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Published
Sep 22, 2020
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J.Crew shuts UK stores, opts for online focus

Published
Sep 22, 2020

J.Crew recently emerged from bankruptcy protection and outlined its new strategy but it’s become clear that this new strategy doesn't include the UK – at least as far as physical shops are concerned. The company is closing all six of its UK locations, including the massive flagship on Regent Street, calling in liquidators to its British operation.


J.Crew



FRP advisory has been appointed as liquidator to the UK business that employs almost 80 people and has a head office in London.

More and more companies are taking the decision to close physical locations in markets where they don't have a large number of shops, given that they can still serve those markets because of their well-developed online retail operations, and this is the case for J.Crew.

A company spokesperson said: “After a thorough review, we have determined we are best able to serve our UK customers through our global e-commerce platform and are closing our six store locations in the country. We thank our UK associates for their dedication during this unprecedented time and are working to support their transition.”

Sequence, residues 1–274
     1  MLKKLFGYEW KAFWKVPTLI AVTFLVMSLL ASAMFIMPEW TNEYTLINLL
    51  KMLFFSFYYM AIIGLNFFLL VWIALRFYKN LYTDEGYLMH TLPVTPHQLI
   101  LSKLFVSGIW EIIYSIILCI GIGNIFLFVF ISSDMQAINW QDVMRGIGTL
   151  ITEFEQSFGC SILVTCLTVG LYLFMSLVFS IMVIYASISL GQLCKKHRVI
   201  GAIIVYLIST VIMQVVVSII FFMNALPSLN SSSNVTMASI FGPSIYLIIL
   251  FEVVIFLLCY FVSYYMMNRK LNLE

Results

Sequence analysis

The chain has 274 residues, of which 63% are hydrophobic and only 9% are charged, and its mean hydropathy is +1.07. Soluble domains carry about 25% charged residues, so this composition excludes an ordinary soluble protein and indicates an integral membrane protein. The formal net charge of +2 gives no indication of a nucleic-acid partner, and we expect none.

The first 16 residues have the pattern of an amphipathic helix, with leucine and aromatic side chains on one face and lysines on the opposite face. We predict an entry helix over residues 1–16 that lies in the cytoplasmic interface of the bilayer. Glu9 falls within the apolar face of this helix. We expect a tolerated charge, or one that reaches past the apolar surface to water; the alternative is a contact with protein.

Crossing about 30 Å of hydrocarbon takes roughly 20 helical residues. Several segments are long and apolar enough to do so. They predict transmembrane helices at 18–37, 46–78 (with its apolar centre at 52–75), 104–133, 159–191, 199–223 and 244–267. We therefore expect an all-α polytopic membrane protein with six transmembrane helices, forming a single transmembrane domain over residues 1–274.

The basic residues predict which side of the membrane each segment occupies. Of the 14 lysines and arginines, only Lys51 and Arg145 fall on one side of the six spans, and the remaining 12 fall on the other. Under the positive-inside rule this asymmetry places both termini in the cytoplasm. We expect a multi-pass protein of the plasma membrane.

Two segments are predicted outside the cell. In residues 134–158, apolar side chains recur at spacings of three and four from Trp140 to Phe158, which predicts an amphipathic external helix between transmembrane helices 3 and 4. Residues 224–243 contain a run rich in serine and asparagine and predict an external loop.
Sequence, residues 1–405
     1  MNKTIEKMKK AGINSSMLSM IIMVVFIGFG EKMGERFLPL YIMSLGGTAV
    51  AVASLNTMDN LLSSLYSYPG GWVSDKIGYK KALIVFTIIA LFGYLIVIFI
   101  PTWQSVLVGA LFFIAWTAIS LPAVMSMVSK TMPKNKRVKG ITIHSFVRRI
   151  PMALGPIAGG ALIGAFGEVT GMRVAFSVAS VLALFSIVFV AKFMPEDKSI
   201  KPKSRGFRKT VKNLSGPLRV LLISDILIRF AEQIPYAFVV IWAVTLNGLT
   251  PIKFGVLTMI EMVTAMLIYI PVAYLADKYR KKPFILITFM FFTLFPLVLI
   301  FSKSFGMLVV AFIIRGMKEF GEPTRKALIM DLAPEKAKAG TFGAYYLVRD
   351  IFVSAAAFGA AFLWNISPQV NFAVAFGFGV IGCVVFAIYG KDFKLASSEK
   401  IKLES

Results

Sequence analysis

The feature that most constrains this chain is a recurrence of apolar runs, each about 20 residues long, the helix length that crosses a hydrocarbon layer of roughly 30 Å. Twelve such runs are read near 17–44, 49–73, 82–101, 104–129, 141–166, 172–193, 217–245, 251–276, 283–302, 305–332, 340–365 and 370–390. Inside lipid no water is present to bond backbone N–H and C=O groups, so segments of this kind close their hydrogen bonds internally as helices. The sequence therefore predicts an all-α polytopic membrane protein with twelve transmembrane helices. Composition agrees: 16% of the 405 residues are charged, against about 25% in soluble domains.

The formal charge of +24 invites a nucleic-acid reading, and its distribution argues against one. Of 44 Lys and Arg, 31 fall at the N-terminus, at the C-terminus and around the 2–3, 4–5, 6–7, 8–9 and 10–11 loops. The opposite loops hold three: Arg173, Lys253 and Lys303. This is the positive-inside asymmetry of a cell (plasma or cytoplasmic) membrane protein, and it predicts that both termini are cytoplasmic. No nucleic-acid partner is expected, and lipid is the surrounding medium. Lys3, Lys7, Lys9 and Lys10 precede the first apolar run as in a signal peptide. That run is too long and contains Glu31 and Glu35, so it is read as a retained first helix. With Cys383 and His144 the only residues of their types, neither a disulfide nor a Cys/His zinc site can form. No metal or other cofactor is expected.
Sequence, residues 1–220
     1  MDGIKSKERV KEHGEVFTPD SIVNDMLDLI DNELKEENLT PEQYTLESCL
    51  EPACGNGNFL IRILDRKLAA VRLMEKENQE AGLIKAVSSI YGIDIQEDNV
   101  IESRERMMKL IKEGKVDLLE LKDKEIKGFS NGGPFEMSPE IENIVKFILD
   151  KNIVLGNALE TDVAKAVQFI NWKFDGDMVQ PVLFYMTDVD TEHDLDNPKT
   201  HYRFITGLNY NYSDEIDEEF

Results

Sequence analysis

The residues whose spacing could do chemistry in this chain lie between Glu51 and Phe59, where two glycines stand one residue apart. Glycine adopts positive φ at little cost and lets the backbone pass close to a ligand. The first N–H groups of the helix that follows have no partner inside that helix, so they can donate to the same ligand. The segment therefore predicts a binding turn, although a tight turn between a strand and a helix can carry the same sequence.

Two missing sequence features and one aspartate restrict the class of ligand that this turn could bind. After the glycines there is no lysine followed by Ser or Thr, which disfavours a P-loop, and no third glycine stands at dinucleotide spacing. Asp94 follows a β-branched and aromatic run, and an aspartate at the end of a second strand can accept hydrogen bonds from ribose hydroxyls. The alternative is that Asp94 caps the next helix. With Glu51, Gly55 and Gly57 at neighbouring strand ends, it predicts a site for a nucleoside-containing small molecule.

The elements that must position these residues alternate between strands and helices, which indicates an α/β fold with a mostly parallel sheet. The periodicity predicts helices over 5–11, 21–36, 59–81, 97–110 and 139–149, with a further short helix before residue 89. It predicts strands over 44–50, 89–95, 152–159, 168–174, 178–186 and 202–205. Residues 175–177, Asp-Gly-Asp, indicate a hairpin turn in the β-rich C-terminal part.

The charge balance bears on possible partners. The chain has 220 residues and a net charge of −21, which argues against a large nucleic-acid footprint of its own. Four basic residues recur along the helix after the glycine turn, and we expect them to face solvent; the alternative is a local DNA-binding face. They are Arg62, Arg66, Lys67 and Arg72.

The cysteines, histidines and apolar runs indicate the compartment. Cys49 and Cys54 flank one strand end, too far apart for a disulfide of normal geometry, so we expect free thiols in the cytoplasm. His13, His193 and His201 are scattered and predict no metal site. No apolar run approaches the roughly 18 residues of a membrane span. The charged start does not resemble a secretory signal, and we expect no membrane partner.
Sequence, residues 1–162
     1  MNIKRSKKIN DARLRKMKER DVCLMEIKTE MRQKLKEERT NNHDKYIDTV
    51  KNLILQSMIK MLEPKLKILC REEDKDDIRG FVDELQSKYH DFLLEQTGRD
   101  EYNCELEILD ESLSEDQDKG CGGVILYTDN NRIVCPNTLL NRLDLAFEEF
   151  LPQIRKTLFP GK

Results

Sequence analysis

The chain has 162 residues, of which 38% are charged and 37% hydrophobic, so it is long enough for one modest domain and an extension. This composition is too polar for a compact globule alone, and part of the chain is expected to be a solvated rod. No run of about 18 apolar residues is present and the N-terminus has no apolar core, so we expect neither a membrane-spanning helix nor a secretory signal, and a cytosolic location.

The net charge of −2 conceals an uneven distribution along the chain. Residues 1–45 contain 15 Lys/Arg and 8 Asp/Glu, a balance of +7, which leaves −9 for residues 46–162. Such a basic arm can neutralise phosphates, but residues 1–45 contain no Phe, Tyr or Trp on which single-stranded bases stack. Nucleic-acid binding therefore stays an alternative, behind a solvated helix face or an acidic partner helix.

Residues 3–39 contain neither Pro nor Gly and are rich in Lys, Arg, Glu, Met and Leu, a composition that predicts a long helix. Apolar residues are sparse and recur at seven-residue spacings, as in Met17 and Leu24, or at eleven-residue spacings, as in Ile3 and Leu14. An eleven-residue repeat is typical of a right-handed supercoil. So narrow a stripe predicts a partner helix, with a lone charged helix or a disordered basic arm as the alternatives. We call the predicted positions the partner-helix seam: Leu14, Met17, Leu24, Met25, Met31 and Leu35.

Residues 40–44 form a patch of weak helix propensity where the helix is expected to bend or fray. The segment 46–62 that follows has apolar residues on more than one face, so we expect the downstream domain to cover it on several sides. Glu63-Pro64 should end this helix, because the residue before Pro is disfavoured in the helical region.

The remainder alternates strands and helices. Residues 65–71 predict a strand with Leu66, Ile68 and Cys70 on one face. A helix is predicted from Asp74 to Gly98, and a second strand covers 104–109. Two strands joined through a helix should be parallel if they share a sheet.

It’s yet another example of how far the once high-flying and expanding label has fallen in recent years. The company had been struggling for some time, but the pandemic set the seal on its UK exit. 

The retailer opened its Regent Street flagship in 2013, adding several more shops, and was also available in the UK through John Lewis, although the deal between the two was terminated in 2019.

Other American businesses that have put their UK arms into administration include Forever 21 and Victoria's Secret, the latter of which has recently entered a joint-venture deal in which Next is now the majority owner and operator. Gap also withdrew its Banana Republic chain from Britain and American Eagle pulled out of the country as well.

Both of those closures happened before the pandemic, but the lockdown and the ongoing reluctance of many UK shoppers to go into physical spaces has made the UK a much less attractive destination for American companies. It could be argued that Brexit is also having an impact as the UK used to be seen as a first step into the EU. But its exit from the massive trading bloc has undermined that status. Its plan to end tax-free shopping for tourists could further dent its appeal.

The UK market has proved particularly problematic for premium-priced American brands going back several decades and this is unlikely to change in the foreseeable future.

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